Twenty-five-year-old Zach Silver arrived at The Jewish Theological Seminary shortly after the award-winning success of his senior thesis on Mordecai Kaplan, the incisive JTS scholar whose vision of Judaism as a civilization redrew the map of the American Jewish community. Why did he choose to spotlight Kaplan? “Because,” Zach explains, “I couldn’t understand how, right after the Holocaust in 1945, Kaplan could have been excommunicated by the Union of Orthodox Rabbis in a democratic country like America. The event had an effect on Jewish life, and I needed to know much more about it.”
And so he began his research, and that’s how a young man from a traditional, but not particularly religious family from suburban Chicago, Illinois, and Philadelphia, Pennsylvania, wound up studying to become a Conservative rabbi at The Rabbinical School: “The paper I wrote was really an analysis of what it means to be an American Jew. How do we live in both civilizations—American and Jewish—and push full force with each. It goes to the core of what Conservative Judaism is: living in two civilizations and living our utmost in both.” And living his “utmost in both” is what Zach does every day at JTS.
Zach is a second-year Joseph and Jeannette Neubauer Family Fellow (the Neubauers' generous fellowship attracts the best students from around the world to The Rabbinical School) who appreciates all of the encouragement he finds at JTS in learning how to lead and counsel the Jewish people. He hopes to be a teacher, mentor, and scholar so he can return the kindness and generosity of the community he’s found here: “I have the privilege of studying with brilliant teachers who invest their entirety in their subjects and their students. This is not just a school, but a genuine Jewish community. People sincerely care about and support each other.”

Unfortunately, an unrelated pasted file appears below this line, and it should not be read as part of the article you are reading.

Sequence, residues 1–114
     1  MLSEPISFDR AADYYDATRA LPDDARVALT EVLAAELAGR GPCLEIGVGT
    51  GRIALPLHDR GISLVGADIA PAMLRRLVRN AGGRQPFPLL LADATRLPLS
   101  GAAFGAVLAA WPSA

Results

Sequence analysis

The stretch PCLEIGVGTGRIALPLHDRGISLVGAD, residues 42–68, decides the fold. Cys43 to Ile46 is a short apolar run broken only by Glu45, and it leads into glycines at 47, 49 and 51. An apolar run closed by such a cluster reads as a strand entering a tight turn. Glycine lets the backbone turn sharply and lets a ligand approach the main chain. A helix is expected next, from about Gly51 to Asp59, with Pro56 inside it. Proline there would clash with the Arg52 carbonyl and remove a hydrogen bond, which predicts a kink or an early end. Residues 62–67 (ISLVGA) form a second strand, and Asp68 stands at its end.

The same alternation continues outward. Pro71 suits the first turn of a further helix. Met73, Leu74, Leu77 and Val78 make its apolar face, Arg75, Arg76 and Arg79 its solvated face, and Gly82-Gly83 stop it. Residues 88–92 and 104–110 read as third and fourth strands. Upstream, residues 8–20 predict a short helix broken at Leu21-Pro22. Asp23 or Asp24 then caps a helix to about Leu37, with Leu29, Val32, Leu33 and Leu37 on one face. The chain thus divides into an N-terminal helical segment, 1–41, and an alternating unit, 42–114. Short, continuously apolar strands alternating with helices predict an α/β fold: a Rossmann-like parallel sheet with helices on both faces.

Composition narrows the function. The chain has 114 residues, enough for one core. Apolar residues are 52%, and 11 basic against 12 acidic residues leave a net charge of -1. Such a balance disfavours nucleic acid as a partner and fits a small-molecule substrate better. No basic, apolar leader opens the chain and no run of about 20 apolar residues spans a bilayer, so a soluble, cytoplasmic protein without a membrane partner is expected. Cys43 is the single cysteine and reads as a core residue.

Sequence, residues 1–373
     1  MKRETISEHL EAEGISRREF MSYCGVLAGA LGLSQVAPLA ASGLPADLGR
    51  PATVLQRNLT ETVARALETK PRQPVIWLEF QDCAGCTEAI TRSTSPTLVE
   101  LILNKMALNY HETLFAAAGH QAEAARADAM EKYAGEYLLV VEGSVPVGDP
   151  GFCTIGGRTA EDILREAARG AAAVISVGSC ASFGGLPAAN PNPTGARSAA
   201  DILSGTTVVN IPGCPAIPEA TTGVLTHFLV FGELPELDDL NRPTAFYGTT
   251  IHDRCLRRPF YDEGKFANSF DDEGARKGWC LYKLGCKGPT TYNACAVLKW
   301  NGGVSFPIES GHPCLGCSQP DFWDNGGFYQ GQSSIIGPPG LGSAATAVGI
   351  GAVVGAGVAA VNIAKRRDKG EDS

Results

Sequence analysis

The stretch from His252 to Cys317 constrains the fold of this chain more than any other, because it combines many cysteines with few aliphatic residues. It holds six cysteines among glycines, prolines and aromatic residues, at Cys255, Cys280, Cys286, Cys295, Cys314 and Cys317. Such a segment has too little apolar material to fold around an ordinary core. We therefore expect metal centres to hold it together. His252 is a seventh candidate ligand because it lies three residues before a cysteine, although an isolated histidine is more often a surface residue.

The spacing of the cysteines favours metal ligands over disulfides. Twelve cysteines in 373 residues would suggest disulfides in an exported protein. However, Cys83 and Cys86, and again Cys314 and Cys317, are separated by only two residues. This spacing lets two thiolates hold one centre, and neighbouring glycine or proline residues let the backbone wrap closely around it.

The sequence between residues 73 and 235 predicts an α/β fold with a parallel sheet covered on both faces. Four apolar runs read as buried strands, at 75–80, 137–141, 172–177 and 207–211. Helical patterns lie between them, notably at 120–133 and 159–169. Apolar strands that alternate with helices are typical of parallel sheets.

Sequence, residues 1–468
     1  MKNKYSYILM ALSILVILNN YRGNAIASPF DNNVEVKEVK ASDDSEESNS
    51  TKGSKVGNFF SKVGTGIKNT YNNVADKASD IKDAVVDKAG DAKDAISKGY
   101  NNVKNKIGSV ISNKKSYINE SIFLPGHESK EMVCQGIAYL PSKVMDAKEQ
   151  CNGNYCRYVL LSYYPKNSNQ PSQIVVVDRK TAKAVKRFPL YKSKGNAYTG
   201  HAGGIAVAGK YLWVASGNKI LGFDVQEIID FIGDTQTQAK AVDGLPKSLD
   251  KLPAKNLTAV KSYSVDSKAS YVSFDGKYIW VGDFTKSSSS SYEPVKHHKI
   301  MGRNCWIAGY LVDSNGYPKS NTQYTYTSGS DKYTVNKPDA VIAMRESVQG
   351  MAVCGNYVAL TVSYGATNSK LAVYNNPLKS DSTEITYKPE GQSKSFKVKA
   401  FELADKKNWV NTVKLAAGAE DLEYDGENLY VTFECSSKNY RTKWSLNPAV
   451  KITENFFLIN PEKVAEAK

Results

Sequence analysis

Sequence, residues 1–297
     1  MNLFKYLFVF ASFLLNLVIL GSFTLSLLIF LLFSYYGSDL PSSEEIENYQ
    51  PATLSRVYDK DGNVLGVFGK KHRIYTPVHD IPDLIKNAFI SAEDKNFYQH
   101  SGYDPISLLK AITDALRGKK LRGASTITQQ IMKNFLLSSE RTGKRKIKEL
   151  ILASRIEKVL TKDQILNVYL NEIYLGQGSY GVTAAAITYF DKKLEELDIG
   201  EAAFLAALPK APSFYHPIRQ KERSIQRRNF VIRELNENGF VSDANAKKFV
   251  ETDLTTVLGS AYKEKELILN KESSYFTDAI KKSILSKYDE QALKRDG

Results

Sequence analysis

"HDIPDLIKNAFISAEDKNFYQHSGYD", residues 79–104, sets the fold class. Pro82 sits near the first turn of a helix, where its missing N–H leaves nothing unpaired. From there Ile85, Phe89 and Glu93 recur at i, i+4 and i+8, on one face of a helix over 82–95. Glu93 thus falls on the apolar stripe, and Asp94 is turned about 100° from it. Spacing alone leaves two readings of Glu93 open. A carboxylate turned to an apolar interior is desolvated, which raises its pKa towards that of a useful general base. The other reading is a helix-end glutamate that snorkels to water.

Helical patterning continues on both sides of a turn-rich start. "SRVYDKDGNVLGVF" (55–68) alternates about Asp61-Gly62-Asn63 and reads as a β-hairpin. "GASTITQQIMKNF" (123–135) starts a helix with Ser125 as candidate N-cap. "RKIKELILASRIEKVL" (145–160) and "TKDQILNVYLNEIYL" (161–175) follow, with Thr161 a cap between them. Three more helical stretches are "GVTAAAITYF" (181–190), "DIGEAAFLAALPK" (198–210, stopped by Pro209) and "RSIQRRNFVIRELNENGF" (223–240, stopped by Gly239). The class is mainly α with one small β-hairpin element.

When he’s not studying, Zach, who lives in one of JTS’s residence halls, enjoys spending time with his friends, watching college basketball, reading American Jewish history, and collecting ethnic shirts. He scored many of those during his time as a travel secretary on the floating university ship on which his father worked as a professor. They spent four months sailing around the world and Zach says it was “an awe-inspiring experience” during which he “became aware of what it means to be created in the image of God, to live where the course of nature controls what life in that environment does.”
Zach’s environment, it turns out, has always been tempered by Jewish living and an affinity for the big picture. During his summers at Camp Ramah and his years at Solomon Schechter, the study of American Jewish history became a fascination; it’s a passion that led him toward his studies, his notable senior thesis, and, in time, his application to JTS: “Rabbinical school was a process. I applied while in Israel, and then suddenly met a JTS dean at a youth event. I realized that I wanted to become a rabbi so that I can serve, teach, and create sacred space; give people an opportunity to express their Judaism and their emotions.” It’s how he wants to spend his life. He may choose a concentration in Jewish history or Talmud (he’s not quite sure which yet) but either way, Zach will follow the example set by JTS and the men and women who built it—rebels and traditionalists alike—and invest himself in the Jewish people he so loves and respects.